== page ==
Hospital or Prison: How a hospital isolated my elderly mother and took away her freedoms during Covid-19

This Passover, my mother became enslaved by a modern Pharaoh in a new Egypt

Bonnie K. Goodman
14 min readApr 6, 2021


By Bonnie K. Goodman, BA, MLIS

עֲבָדִים הָיִינוּ לְפַרְעֹה בְּמִצְרָיֽם עַתָּה — בְּנֵי חוֹרִין

Avadim hayinu lepharo bemitzrayim, ata — benei chorin

The maggid portion of the Passover Haggadah recounts the exodus from Egypt: “We were slaves to Pharaoh in Egypt, and the Lord, our G-d, took us out from there with a strong hand and with an outstretched arm. If the Holy One, blessed be He, had not taken our fathers out of Egypt. We, our children and our children’s children would have remained enslaved to Pharaoh in Egypt.” [1]Each person has to recite at the Passover seder as if they to personally exited Egypt. In the Diaspora, as we are finishing the eighth day, our forefathers crossed the Red Sea to certain freedom from the Egyptians but left wandering in the desert on the way to Mount Sinai.

This Passover, my mother started the holiday with the false belief she was a free person and ended it as a slave, imprisoned by the hospital she has been a patient at for the last three months. Like Joseph and the twelve tribes, we are stranger in a strange land” at the hospital. In Montreal, we live in the predominantly Jewish hamlet of Cote Saint-Luc; the hospital is in Verdun, a primarily French and Christian community; Jews are a rarity in the Verdun neighborhood Verdun’s Hospital. We had no choice; the ambulance chose to take her away from her home to this strange land. As the Jewish experience with Egypt soon soured quickly to become slaves of a sort, freedom becoming more elusive.

The situation was impossible from the start; we are Anglophone, the hospital is Francophone, and my blind elderly mother was lost navigating the place alone. With every pre-Covid hospitalization, my father and I stayed with her 24/7, and then when my father died when I was sixteen years old, I took over the responsibility. None of the hospitals ever minded, but these hospitals in our homeland, whether just Anglophobe or are Jewish General Hospital. Six years ago, my mother stayed at the Jewish General for over a week. Once they stabilized her heart, the stay hardly seemed like a hospitalization. My mother stayed in a semi-private room, which was empty most of the time there. She had delicious kosher dinners, with surplus from the cafeteria where I bought my meals; I was allowed to sleep on the big comfortable chairs. We even watched then-presidential hopeful Donald Trump give his speech announcing his run for the Republican presidential nomination and had a good laugh, until later his campaign did not become a joke.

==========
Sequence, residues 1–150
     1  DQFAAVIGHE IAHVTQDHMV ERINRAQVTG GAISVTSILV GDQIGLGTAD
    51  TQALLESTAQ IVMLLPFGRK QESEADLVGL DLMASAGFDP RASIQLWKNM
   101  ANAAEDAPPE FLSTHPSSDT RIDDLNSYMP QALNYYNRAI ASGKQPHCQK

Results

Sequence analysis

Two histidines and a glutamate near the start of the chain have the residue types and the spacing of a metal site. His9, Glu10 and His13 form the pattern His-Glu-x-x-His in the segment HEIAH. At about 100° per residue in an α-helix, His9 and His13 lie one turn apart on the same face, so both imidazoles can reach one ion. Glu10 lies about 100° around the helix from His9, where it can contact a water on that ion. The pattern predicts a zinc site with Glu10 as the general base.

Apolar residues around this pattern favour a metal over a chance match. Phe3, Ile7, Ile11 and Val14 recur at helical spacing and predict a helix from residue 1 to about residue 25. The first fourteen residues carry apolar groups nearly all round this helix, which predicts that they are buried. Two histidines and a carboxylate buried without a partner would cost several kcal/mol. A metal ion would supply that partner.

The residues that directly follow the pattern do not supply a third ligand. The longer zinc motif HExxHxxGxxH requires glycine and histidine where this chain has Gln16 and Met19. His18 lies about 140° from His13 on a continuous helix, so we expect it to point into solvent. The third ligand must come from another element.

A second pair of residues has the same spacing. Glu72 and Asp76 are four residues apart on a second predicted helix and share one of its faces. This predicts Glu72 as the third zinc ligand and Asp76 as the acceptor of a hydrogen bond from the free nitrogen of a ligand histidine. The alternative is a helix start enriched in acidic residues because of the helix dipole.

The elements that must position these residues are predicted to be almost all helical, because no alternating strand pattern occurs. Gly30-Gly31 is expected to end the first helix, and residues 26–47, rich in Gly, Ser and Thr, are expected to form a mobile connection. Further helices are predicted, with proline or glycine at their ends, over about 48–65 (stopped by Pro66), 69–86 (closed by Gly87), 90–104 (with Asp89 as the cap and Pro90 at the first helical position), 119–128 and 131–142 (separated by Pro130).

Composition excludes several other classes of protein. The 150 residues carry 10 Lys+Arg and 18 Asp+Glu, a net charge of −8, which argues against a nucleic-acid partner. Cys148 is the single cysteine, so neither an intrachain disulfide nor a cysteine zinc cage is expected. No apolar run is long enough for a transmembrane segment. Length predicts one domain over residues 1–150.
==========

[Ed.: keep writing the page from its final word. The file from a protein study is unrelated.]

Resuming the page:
But in Egypt’s hospitals, during Covid, my mother had to venture into exile alone while I remained at home. I could not contact her, could not get information about her. From the very start, the nurses said they would call the police on me for just enquiring about her condition in the emergency room. Well, I called 911, and they thought it was ridiculous, but strange lands make strange rules. The emphasis on those rules was isolating the patient from their family and the outside world and prescribing medication that made the patient sleepy and unaware of their surroundings. There has been a war in communicating with my mother and over her telephone access from day one. As Rabbi Elliot Cosgrove of Park Avenue Synagogue said in his sermon, this past Shabbat, to be isolated is to be imprisoned.

During the three months of her stay in the strange land, the language barrier isolated us most. I fought each moment to speak with my mother, to have a say over her treatment. Nurses coldly told me I could not talk to my mother. I was told I was only allowed three calls a day, although each time someone entered my mother’s room, they disconnected her phone. Since my mother is blind, she could not see the receiver back or redial without help. They would not help her. I spent a month and a half fighting with the medical staff to stop giving my mother Dilaudid, an opioid painkiller. My mother had all the terrible side effects, the delirium, the constant drowsiness and sleepiness, and the psychological effects. On the phone, my mother would scream at me, barely knowing who I was, telling me to leave her alone and then hang up on me. I was left in tears, I knew it was the drug, but still, it hurt so much.

My mother went in, and they discovered she had an infection from a wound relating to her fall. She had a heart attack from the aggravation the day she went to the hospital. The emergency room doctor frankly and coldly told me my mother might not make it. Two weeks later, she contracted Covid-19 from her hospital stay. They moved her to the Covid floor on my birthday; it took them twelve hours to tell me that they moved her in the evening after cutting off the phone from us for the night. It took another two hours after I called in the morning to find out they did move her to the Covid floor.